Question: Scale and Center [normalized] RNA-seq expression counts for PCA ?
1
gravatar for gaelgarcia
4.2 years ago by
gaelgarcia140
UK
gaelgarcia140 wrote:

I have a dataset of hundreds of different samples and their normalized (by library size) feature counts.

I want to perform downstream analysis on these data, starting with PCA using `prcomp`. Should I center and scale the values before PCA, or is the normalization of reads enough?

Thanks!

sequencing rna-seq pca R genome • 6.1k views
ADD COMMENTlink modified 8 months ago by Kevin Blighe41k • written 4.2 years ago by gaelgarcia140
1

You can use log transformed values and also add pseudocounts  to reduce the bias towards highly expressed transcripts. Always higher values (expression) dominates the variation levels between the samples than the lower values (or less expressed transcripts). If you do not use pseudocount the results will be completely based on highly expressed transcripts. This plays a major role when you do analysis on less expressed transcripts especially the non-coding RNAs along with protein coding ones.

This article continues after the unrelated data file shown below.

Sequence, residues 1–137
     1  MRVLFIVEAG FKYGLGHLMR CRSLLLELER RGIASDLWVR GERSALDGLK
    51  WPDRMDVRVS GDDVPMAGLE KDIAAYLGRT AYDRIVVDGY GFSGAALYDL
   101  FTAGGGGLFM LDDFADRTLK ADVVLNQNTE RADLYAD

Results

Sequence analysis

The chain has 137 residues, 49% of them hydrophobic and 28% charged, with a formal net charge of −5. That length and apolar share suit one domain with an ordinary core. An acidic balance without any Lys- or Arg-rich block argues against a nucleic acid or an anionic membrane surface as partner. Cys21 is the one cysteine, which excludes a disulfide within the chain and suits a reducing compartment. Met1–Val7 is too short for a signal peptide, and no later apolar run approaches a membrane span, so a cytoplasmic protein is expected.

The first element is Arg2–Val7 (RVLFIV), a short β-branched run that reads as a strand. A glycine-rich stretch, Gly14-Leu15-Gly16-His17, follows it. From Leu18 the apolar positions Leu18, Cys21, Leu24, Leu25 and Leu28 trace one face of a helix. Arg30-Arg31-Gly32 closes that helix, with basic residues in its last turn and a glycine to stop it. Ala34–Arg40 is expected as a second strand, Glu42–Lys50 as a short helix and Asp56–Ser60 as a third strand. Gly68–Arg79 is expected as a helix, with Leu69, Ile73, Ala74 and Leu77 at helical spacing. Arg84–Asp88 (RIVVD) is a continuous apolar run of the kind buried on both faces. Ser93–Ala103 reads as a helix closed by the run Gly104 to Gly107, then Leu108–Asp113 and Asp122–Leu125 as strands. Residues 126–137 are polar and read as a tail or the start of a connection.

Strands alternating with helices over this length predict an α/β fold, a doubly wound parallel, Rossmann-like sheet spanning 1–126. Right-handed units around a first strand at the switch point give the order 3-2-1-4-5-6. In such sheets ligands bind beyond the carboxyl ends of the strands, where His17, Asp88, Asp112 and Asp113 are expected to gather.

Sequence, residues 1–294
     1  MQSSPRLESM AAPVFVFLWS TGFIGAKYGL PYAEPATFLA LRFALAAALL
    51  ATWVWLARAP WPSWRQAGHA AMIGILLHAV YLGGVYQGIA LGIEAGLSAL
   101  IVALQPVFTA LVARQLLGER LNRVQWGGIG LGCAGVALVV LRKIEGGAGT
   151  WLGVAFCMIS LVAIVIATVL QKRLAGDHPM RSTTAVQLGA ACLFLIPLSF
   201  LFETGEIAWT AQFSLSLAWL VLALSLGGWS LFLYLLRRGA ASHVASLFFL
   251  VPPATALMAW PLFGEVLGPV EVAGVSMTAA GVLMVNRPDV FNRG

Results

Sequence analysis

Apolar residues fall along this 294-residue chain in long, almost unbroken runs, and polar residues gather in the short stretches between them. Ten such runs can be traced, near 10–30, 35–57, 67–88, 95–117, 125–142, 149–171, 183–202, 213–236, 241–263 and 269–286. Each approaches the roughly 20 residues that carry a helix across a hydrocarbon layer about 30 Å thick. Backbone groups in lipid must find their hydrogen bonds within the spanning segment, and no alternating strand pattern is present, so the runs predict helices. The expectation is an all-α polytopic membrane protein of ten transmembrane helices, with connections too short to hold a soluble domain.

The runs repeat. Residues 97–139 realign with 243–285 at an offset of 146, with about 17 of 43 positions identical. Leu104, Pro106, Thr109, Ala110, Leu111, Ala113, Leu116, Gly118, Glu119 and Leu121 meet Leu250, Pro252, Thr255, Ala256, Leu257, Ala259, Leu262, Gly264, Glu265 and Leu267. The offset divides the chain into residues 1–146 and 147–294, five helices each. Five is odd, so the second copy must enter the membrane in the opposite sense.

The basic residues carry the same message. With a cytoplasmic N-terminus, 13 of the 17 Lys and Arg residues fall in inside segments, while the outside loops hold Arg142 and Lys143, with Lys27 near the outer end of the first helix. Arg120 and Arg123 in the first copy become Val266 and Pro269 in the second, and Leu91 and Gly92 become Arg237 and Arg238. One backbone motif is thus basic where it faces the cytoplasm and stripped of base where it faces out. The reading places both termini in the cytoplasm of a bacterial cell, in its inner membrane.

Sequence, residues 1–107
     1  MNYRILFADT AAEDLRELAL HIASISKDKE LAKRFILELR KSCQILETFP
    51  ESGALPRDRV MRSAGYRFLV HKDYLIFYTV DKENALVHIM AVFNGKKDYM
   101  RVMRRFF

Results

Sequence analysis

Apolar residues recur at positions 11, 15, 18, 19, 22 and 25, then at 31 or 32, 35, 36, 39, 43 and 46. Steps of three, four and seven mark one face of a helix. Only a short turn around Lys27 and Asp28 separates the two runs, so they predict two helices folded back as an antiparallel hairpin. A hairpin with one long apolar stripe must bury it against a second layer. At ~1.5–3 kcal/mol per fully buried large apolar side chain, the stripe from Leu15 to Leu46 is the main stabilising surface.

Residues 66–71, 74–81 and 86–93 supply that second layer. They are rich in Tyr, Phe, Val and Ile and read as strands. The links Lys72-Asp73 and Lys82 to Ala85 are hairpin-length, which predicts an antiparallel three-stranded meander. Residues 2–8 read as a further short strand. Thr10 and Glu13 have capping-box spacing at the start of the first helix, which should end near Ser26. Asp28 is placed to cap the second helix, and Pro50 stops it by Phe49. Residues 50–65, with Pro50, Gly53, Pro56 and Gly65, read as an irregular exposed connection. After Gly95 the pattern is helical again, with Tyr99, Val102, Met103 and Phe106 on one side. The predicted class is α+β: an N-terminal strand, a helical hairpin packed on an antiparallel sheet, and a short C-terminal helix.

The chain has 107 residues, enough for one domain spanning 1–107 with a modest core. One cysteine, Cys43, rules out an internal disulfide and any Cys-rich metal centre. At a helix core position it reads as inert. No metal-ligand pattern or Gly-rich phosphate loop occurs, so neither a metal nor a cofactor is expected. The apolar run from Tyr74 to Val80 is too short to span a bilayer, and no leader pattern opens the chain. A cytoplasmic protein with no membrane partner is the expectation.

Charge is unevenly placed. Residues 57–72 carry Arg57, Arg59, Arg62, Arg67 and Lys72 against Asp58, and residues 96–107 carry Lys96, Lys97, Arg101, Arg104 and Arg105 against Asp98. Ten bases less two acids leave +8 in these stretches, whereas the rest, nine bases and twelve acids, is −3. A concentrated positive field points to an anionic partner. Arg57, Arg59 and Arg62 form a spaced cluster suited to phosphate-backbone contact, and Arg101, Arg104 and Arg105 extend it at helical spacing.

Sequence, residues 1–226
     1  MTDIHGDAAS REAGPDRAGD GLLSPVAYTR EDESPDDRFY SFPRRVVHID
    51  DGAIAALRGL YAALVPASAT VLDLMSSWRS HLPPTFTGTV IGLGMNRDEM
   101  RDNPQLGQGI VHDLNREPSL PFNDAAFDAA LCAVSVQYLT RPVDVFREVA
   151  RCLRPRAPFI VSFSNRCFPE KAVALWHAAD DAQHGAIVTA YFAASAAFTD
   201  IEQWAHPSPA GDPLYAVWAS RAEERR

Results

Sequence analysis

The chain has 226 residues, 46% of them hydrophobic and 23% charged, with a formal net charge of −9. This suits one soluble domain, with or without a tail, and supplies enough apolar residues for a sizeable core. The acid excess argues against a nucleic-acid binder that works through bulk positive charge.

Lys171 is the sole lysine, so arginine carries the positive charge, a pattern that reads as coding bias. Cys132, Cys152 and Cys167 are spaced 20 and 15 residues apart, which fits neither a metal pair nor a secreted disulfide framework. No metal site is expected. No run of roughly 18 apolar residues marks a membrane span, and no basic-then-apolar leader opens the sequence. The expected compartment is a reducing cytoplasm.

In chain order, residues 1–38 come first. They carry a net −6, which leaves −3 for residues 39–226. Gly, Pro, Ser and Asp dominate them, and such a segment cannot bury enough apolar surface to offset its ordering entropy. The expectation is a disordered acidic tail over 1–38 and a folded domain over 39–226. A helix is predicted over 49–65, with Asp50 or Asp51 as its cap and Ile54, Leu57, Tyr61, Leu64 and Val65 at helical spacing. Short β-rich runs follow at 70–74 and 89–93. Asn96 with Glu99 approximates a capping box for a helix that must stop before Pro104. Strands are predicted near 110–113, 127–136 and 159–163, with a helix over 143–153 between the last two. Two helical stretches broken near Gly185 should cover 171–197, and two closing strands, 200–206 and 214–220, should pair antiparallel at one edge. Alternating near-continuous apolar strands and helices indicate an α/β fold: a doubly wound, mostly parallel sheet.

ADD REPLYlink written 4.2 years ago by EagleEye6.2k

Thanks. I wasn't referring to log-transforming, but to "scaling" and "centering" which are standarization options when performing PCA. Since I am not visualizing the expression counts, but rather the samples and their coordinates in PCA space, I don't think it makes any difference if I log-transform the data in this case.

ADD REPLYlink modified 4.2 years ago • written 4.2 years ago by gaelgarcia140

I could not able to explain you properly but you will get better explanation here : 

https://www.researchgate.net/post/What_is_the_best_way_to_scale_parameters_before_running_a_Principal_Component_Analysis_PCA 

ADD REPLYlink modified 4.2 years ago • written 4.2 years ago by EagleEye6.2k
0
gravatar for Kevin Blighe
8 months ago by
Kevin Blighe41k
London, England
Kevin Blighe41k wrote:

That option of prcomp just helps to 'iron out' the 'bumps' in the data. If you don't perform it, you may very well observe PC1 representing more variance in the dataset than it normally would. This is why we would typically perform PCA on logged counts in the first place, i.e., because the distributon of logged data is more 'smooth' than that of unlogged.

I have written more about PCA here:

Kevin

ADD COMMENTlink written 8 months ago by Kevin Blighe41k
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